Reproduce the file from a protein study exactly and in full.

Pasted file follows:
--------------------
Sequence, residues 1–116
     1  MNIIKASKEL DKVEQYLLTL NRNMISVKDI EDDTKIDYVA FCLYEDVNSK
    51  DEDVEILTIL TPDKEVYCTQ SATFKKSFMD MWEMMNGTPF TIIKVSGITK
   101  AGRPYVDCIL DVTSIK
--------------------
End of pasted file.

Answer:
Sequence, residues 1–116
     1  MNIIKASKEL DKVEQYLLTL NRNMISVKDI EDDTKIDYVA FCLYEDVNSK
    51  DEDVEILTIL TPDKEVYCTQ SATFKKSFMD MWEMMNGTPF TIIKVSGITK
   101  AGRPYVDCIL DVTSIK